10.9 Creating a Flash MX Web Service Extension

Flash MX and the other MX programs allow you to install Flash panels that become part of the authoring environment. The Community MX and Amazon.com examples from this chapter can be placed in the WindowSWF folder in the multiuser Configuration folder of Flash MX, located in the following location in a typical Windows 2000 installation:

C:\Documents and Settings\username\Application Data\Macromedia\Flash MX\Configuration\WindowSWF

Note that the folder is a hidden folder by default in Windows. Hidden folders can be shown with Tools Folder Options View Hidden files and folders Show Hidden files and folders. For Macintosh OS X, the folder is located at:

Hard Drive/Users/Library/Application Support/Macromedia/FlashMX/Configuration/WindowSWF

If you have a single-user operating system, such as Windows 98 or Macintosh OS 9, the folder can be found in your main Flash MX installation folder.

Simply dropping a .swf file in this folder allows you to use the Flash interface as a dockable panel in Flash MX. You can easily add other types of panels that utilize other public web services or ones of your own design, and even package these as extensions for consumption by other users of Studio MX products. To package a Flash .swf file as an extension, you have to create an extension package. This is done by first creating a special XML file with a .mxi file extension.

More information on the Macromedia Extension Installation file format (MXI) can be found at the Macromedia site at http://download.macromedia.com/pub/exchange/mxi_file_format.pdf.

The .mxi file for the Community MX Content extension might look like this:

   name="Community MX Content"
   type="Flash Panel">

  <author name="Thomas Muck" />

    <product name="Flash" version="6" primary="true" />

  The Community MX Content panel shows the latest content from Community MX  ]]>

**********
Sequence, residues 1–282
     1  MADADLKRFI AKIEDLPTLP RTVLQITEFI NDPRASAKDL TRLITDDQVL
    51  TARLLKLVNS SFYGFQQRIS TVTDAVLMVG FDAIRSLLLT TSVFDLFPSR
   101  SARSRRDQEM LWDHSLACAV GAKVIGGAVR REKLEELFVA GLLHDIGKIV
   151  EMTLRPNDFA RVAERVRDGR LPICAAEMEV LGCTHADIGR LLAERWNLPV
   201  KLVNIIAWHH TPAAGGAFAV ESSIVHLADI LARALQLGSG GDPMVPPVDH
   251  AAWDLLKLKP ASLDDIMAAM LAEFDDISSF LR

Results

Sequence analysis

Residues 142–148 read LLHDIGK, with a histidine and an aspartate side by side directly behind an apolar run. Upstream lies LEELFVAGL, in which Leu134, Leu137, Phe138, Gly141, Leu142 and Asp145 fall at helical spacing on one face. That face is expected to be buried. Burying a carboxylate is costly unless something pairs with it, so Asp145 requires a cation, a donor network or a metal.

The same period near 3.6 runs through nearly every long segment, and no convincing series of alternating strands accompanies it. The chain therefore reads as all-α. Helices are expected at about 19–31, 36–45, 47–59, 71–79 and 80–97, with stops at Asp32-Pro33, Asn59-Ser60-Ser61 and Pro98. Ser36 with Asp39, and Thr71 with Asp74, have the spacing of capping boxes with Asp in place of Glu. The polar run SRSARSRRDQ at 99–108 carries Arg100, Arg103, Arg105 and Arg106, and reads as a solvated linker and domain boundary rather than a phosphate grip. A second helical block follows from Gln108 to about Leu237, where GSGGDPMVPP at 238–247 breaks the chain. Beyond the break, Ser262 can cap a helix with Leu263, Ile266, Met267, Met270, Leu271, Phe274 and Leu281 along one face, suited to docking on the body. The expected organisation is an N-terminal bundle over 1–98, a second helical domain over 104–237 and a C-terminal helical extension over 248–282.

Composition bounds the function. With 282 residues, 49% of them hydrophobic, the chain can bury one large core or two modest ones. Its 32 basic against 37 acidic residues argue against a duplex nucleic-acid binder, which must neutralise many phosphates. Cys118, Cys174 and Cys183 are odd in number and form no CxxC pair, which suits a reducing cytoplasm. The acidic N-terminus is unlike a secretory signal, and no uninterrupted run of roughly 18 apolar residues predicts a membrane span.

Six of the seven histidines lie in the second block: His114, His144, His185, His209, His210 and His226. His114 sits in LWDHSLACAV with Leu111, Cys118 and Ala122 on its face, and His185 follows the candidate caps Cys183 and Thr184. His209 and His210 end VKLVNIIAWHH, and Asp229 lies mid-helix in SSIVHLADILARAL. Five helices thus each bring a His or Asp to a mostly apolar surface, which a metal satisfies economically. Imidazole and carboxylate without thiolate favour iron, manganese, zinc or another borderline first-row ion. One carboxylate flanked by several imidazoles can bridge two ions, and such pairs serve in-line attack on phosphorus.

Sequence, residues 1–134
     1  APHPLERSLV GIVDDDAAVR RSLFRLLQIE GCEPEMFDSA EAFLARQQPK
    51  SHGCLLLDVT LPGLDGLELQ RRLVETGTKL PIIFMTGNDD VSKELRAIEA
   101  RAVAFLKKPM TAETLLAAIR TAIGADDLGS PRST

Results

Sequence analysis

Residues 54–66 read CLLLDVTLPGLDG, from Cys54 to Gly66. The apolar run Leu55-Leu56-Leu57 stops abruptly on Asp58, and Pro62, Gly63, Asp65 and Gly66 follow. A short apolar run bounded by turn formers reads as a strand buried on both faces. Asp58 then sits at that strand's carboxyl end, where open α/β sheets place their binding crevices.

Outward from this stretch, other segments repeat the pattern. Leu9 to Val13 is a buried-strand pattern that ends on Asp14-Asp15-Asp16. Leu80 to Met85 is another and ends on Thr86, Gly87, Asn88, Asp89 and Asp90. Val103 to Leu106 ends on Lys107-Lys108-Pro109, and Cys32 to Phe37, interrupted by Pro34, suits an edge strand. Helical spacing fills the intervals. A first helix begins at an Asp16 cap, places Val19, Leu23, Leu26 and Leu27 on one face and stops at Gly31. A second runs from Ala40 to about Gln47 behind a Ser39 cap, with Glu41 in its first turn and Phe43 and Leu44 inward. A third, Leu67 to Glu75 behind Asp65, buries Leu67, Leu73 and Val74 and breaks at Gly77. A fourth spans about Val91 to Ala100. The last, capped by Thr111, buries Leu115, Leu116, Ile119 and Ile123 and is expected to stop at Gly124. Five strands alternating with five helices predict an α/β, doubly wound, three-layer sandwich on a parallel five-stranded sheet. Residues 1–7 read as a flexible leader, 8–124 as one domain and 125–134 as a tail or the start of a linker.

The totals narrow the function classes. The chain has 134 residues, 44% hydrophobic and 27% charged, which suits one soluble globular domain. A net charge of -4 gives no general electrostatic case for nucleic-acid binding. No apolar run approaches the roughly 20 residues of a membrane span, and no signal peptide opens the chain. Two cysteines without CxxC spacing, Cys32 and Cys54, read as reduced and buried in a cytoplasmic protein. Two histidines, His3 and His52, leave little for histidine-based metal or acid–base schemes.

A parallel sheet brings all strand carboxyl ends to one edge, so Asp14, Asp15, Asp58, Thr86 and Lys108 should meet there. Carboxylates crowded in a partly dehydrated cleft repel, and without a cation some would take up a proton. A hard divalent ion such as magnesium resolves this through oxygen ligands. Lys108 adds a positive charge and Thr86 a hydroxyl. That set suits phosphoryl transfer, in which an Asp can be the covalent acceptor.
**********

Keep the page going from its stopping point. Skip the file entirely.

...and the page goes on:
After installing the extension, you can find the Community MX Content panel in
  the Window menu of Flash MX.

    <file source="Community MX.swf" destination="$flash/WindowSWF" />


Using the $flash variable in the .mxi file, you don't have to know the path to Flash on the user's machine; the Extension Manager takes care of the details of installing the panel to the user's Flash\WindowSWF folder.

If you place this .mxi file in the same folder as your .swf file and double-click it, the Macromedia Extension Manager launches in its packaging mode. It prompts you to create a new package and save it on your hard drive. The package is created with an .mxp file extension (the .mxi file is bundled inside). The Flash extension package (the .mxp file) can be installed by anyone with Flash MX or later. The Extension Manager is shown in Figure 10-4.

Figure 10-4. The Macromedia Extension Manager

This technique for packaging extensions can be used with many types of Flash movies, allowing you to create your own interface elements of the Flash MX environment. The NetConnection debugger and the Service Panel are examples of Flash MX extensions built as .swf files in this way. The Community MX panel is shown in Figure 10-5.

Figure 10-5. The Community MX web service example as a Flash panel

MXI creator programs are available to help create MXI files for Macromedia extensions, such as one created by Muzak at http://www.muzakdeezign.com/mxi_creator/about.asp. Flash 2004 and Flash Pro feature a JavaScript extensibility layer, such as that available in Dreamweaver MX, so expect to see more Flash extensions in the future. Consult the resources cited in Appendix A.

    Part III: Advanced Flash Remoting